“Washington is a lobbying boom town under Biden”

[Roll Call, via Naked Capitalism Water Cooler 7-28-21]

“It’s worth noting that individual contribution limits, which adjust for inflation, are $2,900 per election this cycle.”

Lambert Strether: “Unlike, say, the minimum wage. Sometimes things are just so crystal clear, aren’t they?”

“Two Kinds of Pride in American Politics”

[Benjamin Studebaker, via Naked Capitalism Water Cooler 7-30-21]

“I’ve been thinking about pride’s role in politics. When I say pride, I am not talking about mere self-respect. I am thinking about vanity, about the insidious mistake of thinking we are superior to others when in fact we are their equals. This is pride in the grim, nasty, old-fashioned sense. I think there are two kinds of pride running amok today. One is associated with entrepreneurs, with those who consider themselves ‘self-made.’ The other is associated with professionals, with those who consider themselves ‘educated.” • Neither is correct, surely. More: “Both of these forms of pride have the same function–they enable rich and powerful people to justify contempt for the American worker. The entrepreneur scorns the worker for failing to figure out how to hustle, while the professional scorns the worker for failing to accept “knowledge” from the experts who possess it. On these two grounds, the worker is told that they are unworthy of the social goods which are necessary for any person to reach their potential. They are told that they cannot enjoy access to quality healthcare, affordable housing, true education, affordable energy, and even sustenance. They are blamed for the situations they are in, and no effort is made on their behalf. The Republican Party is dominated by entrepreneurs, and the Democratic Party is dominated by professionals. Neither party thinks the workers morally deserve access to a set of basic, fundamental economic rights. Both are deeply prideful and deeply wicked, in different ways. The proud Republican tells the worker to figure it all out on their own, while the proud Democrat tells the worker that their interests and needs cannot be a priority until they accept the “knowledge”. Caught between a rock and the hard place, the worker is condemned to endless toil, with no time and no energy left for escape. All the worker can do is persevere and hope for a brighter future, in this life or the next.”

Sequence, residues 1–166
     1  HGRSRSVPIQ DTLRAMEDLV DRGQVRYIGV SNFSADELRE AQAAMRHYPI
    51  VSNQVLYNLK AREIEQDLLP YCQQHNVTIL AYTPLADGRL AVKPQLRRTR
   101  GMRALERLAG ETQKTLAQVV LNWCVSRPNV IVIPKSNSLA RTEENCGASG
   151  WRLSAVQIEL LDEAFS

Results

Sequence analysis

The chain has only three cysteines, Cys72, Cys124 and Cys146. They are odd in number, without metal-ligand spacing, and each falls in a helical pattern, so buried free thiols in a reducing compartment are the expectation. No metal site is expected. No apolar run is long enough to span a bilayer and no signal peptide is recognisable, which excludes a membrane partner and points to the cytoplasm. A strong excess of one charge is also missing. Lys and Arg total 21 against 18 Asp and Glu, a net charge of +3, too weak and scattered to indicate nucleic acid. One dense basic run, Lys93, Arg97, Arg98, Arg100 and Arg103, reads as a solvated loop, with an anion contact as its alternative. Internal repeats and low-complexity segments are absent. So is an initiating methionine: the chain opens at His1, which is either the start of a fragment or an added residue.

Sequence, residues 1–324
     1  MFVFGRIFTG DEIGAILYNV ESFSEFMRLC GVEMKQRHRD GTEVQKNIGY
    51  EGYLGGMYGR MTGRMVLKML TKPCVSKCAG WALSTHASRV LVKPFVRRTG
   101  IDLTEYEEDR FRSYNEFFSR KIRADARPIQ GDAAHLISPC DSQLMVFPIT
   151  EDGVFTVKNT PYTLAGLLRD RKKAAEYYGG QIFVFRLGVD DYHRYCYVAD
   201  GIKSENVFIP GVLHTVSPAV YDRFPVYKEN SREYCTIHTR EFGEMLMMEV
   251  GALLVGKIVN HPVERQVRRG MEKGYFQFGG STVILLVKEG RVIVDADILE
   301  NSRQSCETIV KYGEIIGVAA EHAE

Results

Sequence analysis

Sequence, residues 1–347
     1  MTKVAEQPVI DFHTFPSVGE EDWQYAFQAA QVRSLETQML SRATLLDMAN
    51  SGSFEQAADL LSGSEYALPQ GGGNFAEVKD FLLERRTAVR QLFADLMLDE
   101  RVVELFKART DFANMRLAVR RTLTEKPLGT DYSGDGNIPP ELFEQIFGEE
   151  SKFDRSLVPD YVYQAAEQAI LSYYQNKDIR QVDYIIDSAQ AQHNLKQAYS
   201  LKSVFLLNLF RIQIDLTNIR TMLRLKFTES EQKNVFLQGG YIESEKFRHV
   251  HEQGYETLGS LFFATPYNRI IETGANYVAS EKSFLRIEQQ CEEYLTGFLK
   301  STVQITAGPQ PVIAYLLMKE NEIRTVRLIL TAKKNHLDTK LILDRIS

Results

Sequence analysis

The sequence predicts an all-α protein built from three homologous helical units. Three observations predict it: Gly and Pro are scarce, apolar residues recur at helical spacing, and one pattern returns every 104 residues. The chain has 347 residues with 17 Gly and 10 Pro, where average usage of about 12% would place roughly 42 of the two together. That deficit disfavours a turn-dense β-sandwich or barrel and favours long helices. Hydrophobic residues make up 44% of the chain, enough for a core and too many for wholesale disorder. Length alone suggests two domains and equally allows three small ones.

“In the Race Against Nina Turner, GOP Donors Fund Shontel Brown”

[The Intercept, via Naked Capitalism Water Cooler 7-28-21]

“With Clinton and Sanders again pitted against each other, this time via state-level surrogates, the special election race for Ohio’s 11th Congressional District has been described as a reflection of “party tensions.” In addition to Clinton, Democratic establishment figures like Rep. Jim Clyburn, D-S.C., and well-funded super PACs have rallied behind Brown, while progressives like Rep. Alexandria Ocasio-Cortez, D-N.Y., and Justice Democrats have coalesced to support Turner. Undergirding these tensions are donors with long histories of support for Republican candidates who are now funding Brown’s campaign, either directly or via the political action committee Democratic Majority for Israel, a major backer of her campaign. Most notable among them is New England Patriots owner Robert Kraft, a close ally of Donald Trump who donated $1 million to Trump’s inauguration and has supported a slew of Republican candidates.”

Lambert Strether: “And there’s a long, long list of Republican donors. Why, it’s almost like liberal Democrat and Republicans are on the same team! (And you can just imagine the pearl-clutching if a Trump ally was donating to Turner. Yet, oddly, the major media are silent…)”

How Joe Biden Defanged the Left: The White House has used access to quiet would-be progressive critics.

Alexander Sammon,  July 26, 2021 [The American Prospect]

Recounts Obama enforcer Rahm Emmanual’s “veal pen.” 

How Biden Can Profitably Piss Off Republicans: Promoting good policy can also compel the GOP to defend the indefensible.

Eleanor Eagan, July 29, 2021 [The American Prospect]